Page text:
President’s Award for Service to the IndyBar, presented to Ellen Townsend of Hackman Hulett & Cracraft for her ongoing efforts to gain financial support for the IndyBar’s Bench Bar Conference

2011 Board of Directors Award, presented to Kevin McGoff of Bingham McHale in recognition of his leadership of the Communications Work Group, as well as his high level of involvement in numerous other IndyBar committees and the many education programs for which he volunteers his time

The IBF Class of Distinguished Fellows and attorneys who have practiced for 25 and 50 years will be recognized. The luncheon will also recognize the pro bono award winners and those firms in the IndyBar 100% Membership Club.

Registration for the lunch is available on the IndyBar web page for the event: http://www.indybar.org/events-education/calendar/2011-11-29/254.•

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  1. I can understand a 10 yr suspension for drinking and driving and not following the rules,but don't you think the people who compleate their sentences and are trying to be good people of their community,and are on the right path should be able to obtain a drivers license to do as they please.We as a state should encourage good behavior instead of saying well you did all your time but we can't give you a license come on.When is a persons time served than cause from where I'm standing,its still a punishment,when u can't have the freedom to go where ever you want to in car,truck ,motorcycle,maybe their should be better programs for people instead of just throwing them away like daily trash,then expecting them to change because they we in jail or prison for x amount of yrs.Everyone should look around because we all pay each others bills,and keep each other in business..better knowledge equals better community equals better people...just my 2 cents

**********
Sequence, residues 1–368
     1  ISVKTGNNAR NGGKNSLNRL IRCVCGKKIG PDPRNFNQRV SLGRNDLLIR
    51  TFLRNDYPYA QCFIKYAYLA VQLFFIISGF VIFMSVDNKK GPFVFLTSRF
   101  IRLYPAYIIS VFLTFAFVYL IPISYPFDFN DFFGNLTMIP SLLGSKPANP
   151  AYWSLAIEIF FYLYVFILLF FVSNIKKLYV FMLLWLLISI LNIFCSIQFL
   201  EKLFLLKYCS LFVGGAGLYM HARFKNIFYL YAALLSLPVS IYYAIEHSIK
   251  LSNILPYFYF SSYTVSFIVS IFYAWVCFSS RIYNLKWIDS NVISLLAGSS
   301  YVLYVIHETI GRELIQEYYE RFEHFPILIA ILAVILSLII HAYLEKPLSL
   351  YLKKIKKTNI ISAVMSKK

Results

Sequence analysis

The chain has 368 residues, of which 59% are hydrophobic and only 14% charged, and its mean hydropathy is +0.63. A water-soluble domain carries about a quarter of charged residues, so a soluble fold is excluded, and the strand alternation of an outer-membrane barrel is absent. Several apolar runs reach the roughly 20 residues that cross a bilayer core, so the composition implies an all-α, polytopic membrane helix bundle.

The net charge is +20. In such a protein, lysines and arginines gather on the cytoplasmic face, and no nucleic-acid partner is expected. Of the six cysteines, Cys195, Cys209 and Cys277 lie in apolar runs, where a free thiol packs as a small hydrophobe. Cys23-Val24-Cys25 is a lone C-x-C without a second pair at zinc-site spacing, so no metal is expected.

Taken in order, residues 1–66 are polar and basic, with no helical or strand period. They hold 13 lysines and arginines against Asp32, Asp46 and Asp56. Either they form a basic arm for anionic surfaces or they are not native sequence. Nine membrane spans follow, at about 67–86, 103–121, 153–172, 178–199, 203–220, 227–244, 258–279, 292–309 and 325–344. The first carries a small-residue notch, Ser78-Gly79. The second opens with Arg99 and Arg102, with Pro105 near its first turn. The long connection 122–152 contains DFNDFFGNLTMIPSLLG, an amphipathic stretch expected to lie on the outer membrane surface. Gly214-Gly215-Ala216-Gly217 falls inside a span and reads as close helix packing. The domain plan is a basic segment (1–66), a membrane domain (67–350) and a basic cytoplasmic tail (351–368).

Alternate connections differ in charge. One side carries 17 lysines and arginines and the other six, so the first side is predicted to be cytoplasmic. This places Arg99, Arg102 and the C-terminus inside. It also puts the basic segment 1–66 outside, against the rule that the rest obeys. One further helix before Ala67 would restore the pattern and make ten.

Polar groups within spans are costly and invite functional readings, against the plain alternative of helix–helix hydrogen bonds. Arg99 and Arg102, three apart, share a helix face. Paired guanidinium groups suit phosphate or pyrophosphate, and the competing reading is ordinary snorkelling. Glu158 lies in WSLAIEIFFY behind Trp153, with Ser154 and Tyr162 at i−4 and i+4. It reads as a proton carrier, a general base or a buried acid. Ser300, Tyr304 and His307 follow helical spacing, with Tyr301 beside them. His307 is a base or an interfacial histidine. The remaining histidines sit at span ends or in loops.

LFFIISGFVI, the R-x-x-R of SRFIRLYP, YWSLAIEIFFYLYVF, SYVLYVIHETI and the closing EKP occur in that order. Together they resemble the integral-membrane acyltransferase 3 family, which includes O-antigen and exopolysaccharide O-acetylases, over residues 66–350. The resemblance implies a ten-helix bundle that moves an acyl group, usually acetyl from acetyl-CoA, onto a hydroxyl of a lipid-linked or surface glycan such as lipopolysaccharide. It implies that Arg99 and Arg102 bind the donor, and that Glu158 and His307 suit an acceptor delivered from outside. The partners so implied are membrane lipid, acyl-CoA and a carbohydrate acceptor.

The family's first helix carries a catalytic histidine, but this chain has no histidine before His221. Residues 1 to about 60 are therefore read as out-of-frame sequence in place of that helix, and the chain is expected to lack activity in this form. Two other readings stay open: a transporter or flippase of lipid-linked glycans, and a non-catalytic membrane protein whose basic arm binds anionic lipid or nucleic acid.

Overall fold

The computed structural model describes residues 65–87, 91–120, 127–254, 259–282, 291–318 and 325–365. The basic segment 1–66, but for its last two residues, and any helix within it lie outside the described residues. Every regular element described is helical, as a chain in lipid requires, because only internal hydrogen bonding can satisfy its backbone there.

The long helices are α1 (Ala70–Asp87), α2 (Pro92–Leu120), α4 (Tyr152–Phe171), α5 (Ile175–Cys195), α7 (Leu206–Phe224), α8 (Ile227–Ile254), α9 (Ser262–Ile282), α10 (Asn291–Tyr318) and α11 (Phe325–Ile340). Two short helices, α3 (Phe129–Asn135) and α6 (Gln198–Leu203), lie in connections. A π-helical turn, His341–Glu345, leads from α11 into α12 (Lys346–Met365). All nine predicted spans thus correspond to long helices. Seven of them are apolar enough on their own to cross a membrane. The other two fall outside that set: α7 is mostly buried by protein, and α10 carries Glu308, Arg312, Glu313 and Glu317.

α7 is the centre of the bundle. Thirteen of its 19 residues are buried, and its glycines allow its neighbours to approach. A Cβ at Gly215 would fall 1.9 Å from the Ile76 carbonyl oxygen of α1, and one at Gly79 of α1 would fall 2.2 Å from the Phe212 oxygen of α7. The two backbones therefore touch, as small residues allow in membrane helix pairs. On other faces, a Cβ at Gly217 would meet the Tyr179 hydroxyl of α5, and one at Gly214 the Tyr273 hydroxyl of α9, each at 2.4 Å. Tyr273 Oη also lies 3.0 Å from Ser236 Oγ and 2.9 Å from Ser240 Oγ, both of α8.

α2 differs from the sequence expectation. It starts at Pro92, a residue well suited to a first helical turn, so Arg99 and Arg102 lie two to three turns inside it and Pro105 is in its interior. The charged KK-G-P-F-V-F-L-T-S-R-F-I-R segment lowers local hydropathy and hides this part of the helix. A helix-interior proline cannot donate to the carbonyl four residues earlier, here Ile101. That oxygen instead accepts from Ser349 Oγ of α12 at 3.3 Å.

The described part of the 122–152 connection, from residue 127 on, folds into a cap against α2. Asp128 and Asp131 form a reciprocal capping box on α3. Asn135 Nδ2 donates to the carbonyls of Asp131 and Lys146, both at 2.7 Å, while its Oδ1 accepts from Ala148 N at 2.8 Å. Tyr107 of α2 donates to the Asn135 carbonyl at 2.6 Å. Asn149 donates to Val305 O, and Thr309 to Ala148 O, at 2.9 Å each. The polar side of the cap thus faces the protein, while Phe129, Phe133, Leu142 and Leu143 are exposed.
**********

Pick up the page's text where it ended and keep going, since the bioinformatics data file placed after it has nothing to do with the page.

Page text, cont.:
2. I was wondering about the 6 million put aside for common attorney fees?does that mean that if you are a plaintiff your attorney fees will be partially covered?

  3. I expressed my thought in the title, long as it was. I am shocked that there is ever immunity from accountability for ANY Government agency. That appears to violate every principle in the US Constitution, which exists to limit Government power and to ensure Government accountability. I don't know how many cases of legitimate child abuse exist, but in the few cases in which I knew the people involved, in every example an anonymous caller used DCS as their personal weapon to strike at innocent people over trivial disagreements that had no connection with any facts. Given that the system is vulnerable to abuse, and given the extreme harm any action by DCS causes to families, I would assume any degree of failure to comply with the smallest infraction of personal rights would result in mandatory review. Even one day of parent-child separation in the absence of reasonable cause for a felony arrest should result in severe penalties to those involved in the action. It appears to me, that like all bureaucracies, DCS is prone to interpret every case as legitimate. This is not an accusation against DCS. It is a statement about the nature of bureaucracies, and the need for ADDED scrutiny of all bureaucratic actions. Frankly, I question the constitutionality of bureaucracies in general, because their power is delegated, and therefore unaccountable. No Government action can be unaccountable if we want to avoid its eventual degeneration into irrelevance and lawlessness, and the law of the jungle. Our Constitution is the source of all Government power, and it is the contract that legitimizes all Government power. To the extent that its various protections against intrusion are set aside, so is the power afforded by that contract. Eventually overstepping the limits of power eliminates that power, as a law of nature. Even total tyranny eventually crumbles to nothing.